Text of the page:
By Rex HoggardJanuary 22, 2018, 9:14 pm

Quail Hollow Club - a staple on the PGA Tour since 2003 - debuted as a longer, tougher version of itself at last year’s PGA Championship, receiving mixed reviews from players.

The course played to a lengthened 7,600 yards at last year’s PGA and a 73.46 stroke average, the toughest course in relation to par on Tour in 2017. As a result, it left some players less than excited to return to the Charlotte, N.C.-area layout later this spring for the Wells Fargo Championship.

It’s that lack of enthusiasm that led officials at Quail Hollow to send a video to players saying, essentially, that the course players have lauded for years will be back in May.

The video, which includes Quail Hollow president Johnny Harris and runs nearly five minutes, begins with an explanation of how the first hole, which played as a 524-yard par 4 at the PGA, will play much shorter at the Wells Fargo Championship.

“I had a number of my friends who were playing in the tournament tell me that tee was better suited as a lemonade stand,” Harris joked of the new tee box on the fourth hole. “I doubt we’ll ever see that tee used again in competition.”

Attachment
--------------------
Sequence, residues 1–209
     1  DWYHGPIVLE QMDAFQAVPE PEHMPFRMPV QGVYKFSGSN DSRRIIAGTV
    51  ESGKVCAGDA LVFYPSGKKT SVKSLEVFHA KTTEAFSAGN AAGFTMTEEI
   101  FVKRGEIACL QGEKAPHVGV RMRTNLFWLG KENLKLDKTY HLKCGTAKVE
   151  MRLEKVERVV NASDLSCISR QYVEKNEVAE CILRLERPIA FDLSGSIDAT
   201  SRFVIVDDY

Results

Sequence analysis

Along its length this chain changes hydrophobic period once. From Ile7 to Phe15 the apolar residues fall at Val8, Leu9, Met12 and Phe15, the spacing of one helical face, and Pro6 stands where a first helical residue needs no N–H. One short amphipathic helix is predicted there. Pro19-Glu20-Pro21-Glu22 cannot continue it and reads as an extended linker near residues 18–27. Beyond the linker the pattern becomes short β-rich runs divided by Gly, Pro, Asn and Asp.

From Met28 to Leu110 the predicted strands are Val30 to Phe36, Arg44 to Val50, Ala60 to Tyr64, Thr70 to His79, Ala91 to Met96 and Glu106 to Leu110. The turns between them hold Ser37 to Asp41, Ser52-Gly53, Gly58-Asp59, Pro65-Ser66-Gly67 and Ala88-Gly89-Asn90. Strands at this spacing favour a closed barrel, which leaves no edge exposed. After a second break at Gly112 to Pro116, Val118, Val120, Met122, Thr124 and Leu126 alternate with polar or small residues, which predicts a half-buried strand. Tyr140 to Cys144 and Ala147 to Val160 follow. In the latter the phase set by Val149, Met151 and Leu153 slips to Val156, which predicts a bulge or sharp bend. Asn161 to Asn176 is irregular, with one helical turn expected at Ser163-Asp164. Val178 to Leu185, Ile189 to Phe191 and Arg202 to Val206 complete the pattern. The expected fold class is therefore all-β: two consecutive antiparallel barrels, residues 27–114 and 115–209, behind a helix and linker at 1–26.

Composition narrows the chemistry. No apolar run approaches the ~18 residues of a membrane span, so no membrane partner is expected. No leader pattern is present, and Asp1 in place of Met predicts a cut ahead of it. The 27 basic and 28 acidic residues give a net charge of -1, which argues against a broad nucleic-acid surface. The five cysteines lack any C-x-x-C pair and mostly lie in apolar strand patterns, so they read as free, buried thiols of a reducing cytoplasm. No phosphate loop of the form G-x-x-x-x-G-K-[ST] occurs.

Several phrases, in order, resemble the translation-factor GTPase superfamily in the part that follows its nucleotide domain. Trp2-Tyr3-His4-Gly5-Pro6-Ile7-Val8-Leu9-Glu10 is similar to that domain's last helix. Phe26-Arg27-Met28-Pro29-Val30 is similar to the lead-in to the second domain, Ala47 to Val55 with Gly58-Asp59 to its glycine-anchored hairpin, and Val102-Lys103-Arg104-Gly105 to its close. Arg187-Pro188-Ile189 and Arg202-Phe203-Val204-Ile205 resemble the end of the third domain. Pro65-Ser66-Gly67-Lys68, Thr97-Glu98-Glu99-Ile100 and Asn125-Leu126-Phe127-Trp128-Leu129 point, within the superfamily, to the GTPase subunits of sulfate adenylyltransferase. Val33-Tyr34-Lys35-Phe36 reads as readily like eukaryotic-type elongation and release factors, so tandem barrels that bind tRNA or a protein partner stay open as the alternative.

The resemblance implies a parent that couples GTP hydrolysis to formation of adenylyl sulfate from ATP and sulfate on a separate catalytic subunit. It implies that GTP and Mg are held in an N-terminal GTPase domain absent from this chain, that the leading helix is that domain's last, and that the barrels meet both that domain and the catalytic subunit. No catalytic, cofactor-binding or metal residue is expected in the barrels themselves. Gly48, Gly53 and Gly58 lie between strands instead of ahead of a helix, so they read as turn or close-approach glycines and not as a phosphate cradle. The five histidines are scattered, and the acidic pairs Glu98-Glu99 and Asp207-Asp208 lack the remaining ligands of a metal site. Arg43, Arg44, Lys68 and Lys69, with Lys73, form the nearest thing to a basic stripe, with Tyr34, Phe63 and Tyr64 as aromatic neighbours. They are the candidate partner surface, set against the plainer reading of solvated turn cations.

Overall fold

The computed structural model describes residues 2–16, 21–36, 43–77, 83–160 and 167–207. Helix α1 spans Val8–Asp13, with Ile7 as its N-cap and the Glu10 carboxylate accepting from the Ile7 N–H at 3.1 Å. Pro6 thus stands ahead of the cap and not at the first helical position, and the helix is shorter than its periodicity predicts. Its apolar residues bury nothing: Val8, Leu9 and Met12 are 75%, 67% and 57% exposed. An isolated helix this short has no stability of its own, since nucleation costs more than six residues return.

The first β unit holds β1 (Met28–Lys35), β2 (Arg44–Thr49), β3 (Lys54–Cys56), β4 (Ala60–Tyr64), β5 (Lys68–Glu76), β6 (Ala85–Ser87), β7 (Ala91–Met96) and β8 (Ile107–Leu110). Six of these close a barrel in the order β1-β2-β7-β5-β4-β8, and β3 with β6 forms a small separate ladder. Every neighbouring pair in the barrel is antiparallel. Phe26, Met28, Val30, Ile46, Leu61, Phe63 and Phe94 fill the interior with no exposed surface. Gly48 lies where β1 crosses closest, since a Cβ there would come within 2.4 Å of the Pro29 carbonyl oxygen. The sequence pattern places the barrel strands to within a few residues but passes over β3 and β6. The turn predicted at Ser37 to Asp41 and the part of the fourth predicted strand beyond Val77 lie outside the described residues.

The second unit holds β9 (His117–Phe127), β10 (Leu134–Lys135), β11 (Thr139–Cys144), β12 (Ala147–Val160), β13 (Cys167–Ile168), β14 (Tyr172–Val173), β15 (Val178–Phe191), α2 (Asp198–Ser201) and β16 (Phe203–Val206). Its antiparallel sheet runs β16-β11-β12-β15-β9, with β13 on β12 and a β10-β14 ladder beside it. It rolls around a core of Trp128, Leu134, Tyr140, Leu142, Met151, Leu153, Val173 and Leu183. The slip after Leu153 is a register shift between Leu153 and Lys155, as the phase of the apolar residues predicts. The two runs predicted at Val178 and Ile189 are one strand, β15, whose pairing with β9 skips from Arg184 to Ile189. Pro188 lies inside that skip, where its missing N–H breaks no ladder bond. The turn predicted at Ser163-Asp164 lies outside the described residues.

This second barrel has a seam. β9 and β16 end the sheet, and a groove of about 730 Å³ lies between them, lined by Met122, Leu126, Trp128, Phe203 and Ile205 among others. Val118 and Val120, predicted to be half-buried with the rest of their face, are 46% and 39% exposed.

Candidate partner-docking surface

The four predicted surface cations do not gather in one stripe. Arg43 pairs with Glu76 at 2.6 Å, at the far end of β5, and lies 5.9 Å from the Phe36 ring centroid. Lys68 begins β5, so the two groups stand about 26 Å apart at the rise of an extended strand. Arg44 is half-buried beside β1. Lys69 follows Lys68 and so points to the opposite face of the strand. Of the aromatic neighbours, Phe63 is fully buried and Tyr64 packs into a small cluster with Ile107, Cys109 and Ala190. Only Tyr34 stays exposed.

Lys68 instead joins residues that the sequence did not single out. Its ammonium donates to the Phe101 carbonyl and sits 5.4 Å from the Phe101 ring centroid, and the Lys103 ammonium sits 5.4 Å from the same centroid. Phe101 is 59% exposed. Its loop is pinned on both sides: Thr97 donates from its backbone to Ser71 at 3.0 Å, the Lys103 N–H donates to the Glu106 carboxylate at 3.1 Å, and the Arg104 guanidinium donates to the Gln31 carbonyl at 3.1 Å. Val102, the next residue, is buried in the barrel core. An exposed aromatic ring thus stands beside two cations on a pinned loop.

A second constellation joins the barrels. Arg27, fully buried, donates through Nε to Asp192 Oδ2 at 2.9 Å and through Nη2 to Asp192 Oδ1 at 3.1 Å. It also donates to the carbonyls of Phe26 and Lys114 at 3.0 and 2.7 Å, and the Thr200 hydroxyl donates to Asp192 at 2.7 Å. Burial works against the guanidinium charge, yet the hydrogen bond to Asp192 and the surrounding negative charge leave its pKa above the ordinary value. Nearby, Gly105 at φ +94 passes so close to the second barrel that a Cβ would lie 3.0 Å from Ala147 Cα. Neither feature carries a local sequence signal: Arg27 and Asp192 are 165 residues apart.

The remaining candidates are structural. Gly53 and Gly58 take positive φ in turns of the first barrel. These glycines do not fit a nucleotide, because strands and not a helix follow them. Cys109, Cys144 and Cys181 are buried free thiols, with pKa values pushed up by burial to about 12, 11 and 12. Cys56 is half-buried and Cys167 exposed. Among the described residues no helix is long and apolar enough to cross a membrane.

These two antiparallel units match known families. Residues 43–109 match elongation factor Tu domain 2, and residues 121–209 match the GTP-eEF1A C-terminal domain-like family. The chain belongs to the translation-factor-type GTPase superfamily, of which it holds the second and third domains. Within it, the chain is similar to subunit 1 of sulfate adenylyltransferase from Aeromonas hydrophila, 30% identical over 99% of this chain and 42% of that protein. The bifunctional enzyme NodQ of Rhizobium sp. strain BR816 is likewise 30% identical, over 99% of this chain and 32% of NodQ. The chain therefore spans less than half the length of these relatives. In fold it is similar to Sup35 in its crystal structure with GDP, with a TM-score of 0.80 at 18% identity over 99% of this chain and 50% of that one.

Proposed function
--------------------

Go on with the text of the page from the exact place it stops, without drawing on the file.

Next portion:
Harris also explained that the greens, which became too fast for some, will be “softer” for this year’s Wells Fargo Championship.

Enrique Berardi/LAAC

Ortiz leads LAAC through 54; Niemann, Gana one back

By Nick MentaJanuary 22, 2018, 8:15 pm

Mexico's Alvaro Ortiz shot a 1-under 70 Monday to take the 54-hole lead at the Latin America Amateur Championship in Chile.

At 4 under for the week, he leads by one over over Argentina's Jaime Lopez Rivarola, Chile's Toto Gana and Joaquin Niemann, and Guatemala's Dnaiel Gurtner.